I drew on it substantially on Moye for my recent webinar on outline construction and point placement, which should be up on YouTube some time this week.
  • I love Moye's Fontographer book. It is less specific to Fontographer than you might think, and has tons of good info on proper construction of glyph outlines, in terms of how you place nodes and BCPs. Highly recommended, and cheap on the second-hand market! (Before Karen Cheng's book came out, used copies of Moye's book were up to $300.)
    +1
    I hunted that book down from somewhere and it's a very good general purpose tutorial on construction practices. Didn't cost me much, either, if I remember correctly. There may be more available at a reasonable price than you'd think.
  • Prices on Moye's book have gone up in recent months. It used to be around $10 used, now starts around $15-20 last time I looked, a week ago. This may be my fault, because I keep mentioning it in my webinars (on spacing, and more recently on outline construction). With a quite limited supply, it doesn't take much increase in demand to raise the used price.  :(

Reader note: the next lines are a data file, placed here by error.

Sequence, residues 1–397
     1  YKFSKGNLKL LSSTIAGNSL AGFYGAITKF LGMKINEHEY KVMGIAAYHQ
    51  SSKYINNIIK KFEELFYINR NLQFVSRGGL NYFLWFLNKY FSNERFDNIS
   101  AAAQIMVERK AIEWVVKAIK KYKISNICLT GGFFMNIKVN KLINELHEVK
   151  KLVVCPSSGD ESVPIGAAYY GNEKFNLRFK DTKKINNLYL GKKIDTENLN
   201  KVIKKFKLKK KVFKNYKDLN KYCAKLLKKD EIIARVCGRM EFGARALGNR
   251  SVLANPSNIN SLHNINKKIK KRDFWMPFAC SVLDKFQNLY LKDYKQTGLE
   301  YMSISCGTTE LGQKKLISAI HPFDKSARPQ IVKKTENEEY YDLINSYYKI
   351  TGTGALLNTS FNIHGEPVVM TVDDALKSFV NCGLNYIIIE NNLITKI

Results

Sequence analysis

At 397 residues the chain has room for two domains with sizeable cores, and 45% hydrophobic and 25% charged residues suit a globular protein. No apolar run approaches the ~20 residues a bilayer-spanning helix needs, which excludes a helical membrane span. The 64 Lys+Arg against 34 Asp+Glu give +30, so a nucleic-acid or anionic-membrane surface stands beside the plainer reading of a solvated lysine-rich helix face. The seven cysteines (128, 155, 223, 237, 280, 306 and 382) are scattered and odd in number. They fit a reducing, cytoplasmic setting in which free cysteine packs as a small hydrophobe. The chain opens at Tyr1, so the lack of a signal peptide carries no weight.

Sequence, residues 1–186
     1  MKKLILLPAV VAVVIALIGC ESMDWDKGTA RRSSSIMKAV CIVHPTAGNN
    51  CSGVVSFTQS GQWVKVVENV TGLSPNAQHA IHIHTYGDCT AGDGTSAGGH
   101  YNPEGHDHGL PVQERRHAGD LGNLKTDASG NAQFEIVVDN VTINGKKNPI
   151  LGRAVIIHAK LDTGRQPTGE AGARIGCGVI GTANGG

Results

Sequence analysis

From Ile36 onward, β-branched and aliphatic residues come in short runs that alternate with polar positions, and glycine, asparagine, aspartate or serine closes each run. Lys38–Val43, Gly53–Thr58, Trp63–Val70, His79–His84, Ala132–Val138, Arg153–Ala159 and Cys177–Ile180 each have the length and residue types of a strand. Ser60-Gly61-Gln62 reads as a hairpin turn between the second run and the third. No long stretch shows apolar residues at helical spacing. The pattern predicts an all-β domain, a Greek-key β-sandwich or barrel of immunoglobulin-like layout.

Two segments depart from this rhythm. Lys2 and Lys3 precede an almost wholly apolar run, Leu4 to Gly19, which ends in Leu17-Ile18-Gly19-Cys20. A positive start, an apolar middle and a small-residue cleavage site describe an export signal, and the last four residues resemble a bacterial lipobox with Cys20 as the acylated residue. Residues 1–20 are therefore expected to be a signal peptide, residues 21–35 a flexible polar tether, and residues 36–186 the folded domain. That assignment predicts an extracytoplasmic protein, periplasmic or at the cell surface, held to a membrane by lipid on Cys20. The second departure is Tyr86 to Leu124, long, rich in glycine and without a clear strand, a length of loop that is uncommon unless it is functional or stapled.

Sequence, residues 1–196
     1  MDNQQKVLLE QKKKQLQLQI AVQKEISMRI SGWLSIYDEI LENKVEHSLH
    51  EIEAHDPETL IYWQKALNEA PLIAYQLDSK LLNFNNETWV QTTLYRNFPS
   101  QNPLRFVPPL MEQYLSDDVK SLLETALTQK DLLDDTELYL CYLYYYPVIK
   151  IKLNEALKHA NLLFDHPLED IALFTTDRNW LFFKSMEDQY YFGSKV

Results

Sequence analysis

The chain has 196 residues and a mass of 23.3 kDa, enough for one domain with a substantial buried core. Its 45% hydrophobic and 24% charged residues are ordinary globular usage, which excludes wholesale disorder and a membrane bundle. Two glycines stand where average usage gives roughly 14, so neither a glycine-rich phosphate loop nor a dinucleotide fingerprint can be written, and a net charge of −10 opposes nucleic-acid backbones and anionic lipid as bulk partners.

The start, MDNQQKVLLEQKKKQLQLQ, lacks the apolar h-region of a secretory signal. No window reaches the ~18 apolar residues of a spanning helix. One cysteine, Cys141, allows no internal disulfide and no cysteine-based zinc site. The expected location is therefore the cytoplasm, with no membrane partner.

Still, I doubt its price will ever again reach the lofty heights it attained just before Cheng's book came out, when it was typically $200-300.
  • I still don't really understand why, in a print-on-demand world, there needs to be a limited supply. There's no real reason for any book to be "out of print" any more.

    MIS Press appears to be defunct but if we can get permission from the author it should be possible to get this (and other books such as the Hess one) back into print fairly easily.
  • @Simon Cozens -- Copyright might have something to do with it.